El desencanto

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El desencanto
El desencanto film poster.jpg
Theatrical release poster
Directed byJaime Chávarri
Produced byElías Querejeta
Written byJaime Chávarri
StarringFelicidad Blanc
Leopoldo María Panero
Juan Luis Panero
Michi Panero
CinematographyTeodoro Escamilla
Edited byJosé Salcedo
Release date
  • 17 September 1976 (1976-09-17)
Running time
97 minutes

El desencanto (The Disenchantment ) is a 1976 Spanish documentary film written and directed by Jaime Chávarri about the family of famous poetry writer Leopoldo Panero. It tells the story of the Panero's family told by themselves twelve years after the death of patriarch Leopoldo Panero, poet of Francoist Spain. The documentary is based on the testimony of the remaining four members: the poet's widow, Felicidad Blanc, and the couple's three sons: Juan Luis, Leopoldo Maria and Michi.[1] In their intertwined testimonies, they deal with family relations, the weight of their share past and about themselves.

El desencanto was made towards the end of Francoist Spain and was released during the Spanish transition to democracy becoming a symbol of the decadence of the Francoist family.[2] El Desecanto is considered a seminal work among Spanish documentaries and has achieved cult status.[3]

Twenty years later Ricardo Franco made a second part, Después de tantos años (After so many years) (2004). By then the mother has already died, but the three brothers were interviewed.[3]


The Panero is an illustrious traditional family from Astorga with literary links extending for generations. The patriarch, Leopoldo Panero, was the best regarded poet in Spain during his time. He died suddenly of a heart condition in 1962. Twelve years later, his widow, the still beautiful and elegant Felicidad Blanc, in the company of two of her sons Juan Luis and Michi, is shown in an outdoor homage to the late poet.

Felicidad Blanc, with a calm and cultured voice, tells about the memories of her youth during the Spanish civil war and her courtship with the famous poet. A medical's doctor daughter from Madrid's upper middle class, she became upon her marriage a traditional Spanish wife completed overshadow by her dominating famous husband. She dedicated her life to her husband, their three sons and the family home in Astorga. The death of her husband brought the family's economical decline and she was forced to sell family properties while raising her sons alone. The three brothers, all cultured and well spoken had literary ambitions. The two eldest Juan Luis and Leopoldo Maria became distinguished poets in their own right. Juan Luis and his younger brother Michi discuss the family's troubles, but as a rivalry exist between Juan Luis and Leopoldo Maria they do not share screen time.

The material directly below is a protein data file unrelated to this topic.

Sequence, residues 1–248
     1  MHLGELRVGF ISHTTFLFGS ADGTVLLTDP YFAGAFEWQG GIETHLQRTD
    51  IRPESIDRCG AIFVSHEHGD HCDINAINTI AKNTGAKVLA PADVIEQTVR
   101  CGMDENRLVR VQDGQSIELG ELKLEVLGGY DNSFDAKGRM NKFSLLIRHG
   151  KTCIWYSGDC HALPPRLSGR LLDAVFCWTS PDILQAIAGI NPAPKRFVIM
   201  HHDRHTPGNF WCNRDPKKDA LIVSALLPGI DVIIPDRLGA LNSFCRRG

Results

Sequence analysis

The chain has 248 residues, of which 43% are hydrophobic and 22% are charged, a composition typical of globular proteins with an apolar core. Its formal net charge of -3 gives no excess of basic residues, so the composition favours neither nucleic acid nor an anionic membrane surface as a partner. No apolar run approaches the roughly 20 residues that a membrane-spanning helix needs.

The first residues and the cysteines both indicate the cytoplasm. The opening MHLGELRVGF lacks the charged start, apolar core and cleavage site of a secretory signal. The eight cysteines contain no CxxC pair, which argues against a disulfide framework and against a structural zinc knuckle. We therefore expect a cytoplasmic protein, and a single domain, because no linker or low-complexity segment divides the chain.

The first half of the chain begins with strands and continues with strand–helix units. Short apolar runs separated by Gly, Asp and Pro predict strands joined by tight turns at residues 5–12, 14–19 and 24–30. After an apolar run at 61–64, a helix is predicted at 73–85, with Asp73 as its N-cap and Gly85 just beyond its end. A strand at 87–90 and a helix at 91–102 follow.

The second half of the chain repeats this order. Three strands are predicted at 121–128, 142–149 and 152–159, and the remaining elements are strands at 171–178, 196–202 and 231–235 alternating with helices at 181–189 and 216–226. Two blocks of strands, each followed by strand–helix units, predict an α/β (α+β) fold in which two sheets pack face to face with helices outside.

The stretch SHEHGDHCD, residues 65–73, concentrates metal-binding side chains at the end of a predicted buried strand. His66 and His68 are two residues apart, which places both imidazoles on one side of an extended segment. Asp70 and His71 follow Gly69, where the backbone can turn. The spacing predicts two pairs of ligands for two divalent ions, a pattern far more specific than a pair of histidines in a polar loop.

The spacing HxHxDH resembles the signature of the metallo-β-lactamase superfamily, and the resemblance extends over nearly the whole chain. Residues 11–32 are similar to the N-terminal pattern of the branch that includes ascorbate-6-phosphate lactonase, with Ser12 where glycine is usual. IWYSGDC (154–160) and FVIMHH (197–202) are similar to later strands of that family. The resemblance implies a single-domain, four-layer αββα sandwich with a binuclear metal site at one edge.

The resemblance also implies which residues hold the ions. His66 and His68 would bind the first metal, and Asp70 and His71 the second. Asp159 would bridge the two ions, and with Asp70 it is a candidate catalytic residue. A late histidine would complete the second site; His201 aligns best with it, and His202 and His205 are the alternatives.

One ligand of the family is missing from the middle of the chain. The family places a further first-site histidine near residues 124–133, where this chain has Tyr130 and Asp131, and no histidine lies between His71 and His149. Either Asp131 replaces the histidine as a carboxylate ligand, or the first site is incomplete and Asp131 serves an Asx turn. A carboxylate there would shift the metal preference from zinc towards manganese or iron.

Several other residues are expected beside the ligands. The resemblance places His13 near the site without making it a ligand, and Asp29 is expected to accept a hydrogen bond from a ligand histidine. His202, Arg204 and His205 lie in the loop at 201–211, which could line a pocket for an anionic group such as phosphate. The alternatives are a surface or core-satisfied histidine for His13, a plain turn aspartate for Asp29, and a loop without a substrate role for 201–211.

Juan Luis, ironic and scathing, talks about his travels, his friends in literary circles including Jorge Luis Borges, reserving his resentment for his family. His relationship with his father was distant. Michi, the youngest sibling, began many careers without finishing any. He seems unable to find his place in life. Ultimately was the middle brother, Leopoldo Maria, who achieved literary recognition as a poet following in the footsteps of his father. His success only cemented the rivalry with his resentful older brother. However Leopoldo Maria is also the most troubled of the three brothers. The siblings, like their father and many relatives, have problems with alcoholism to which Leopoldo Maria added drug addiction, periods in jail for his leftist activities, any many stays in psychiatric clinics. He is featured in the documentary as a talkative young man brooding because of his early convalescence and psychotic episodes. However, he displays a clear insight and black humor about his destructive own life and his dysfunctional family. Leopoldo reserves his resentment towards his mother who interned him in a mad house after a suicide attempt.

Felicidad Blanc recounts multiple visits to her troubled son in jail, her efforts and failures raising her sons while dealing with the family's economic decline. With a more romantic view of the past, but admitting her failures, Felicidad defends herself from the attacks of her two youngest sons.


  1. ^ Torres, Diccionario Espasa Cine Español, p.170
  2. ^ Alberto Mira The A to Z of Spanish Cinema, p. 76, at Google Books
  3. ^ a b Torres, Diccionario Espasa Cine Español, p. 169


  • Torres, Augusto M. Diccionario Espasa Cine Español. Espasa Calpe, 1994, ISBN 84-239-9203-9

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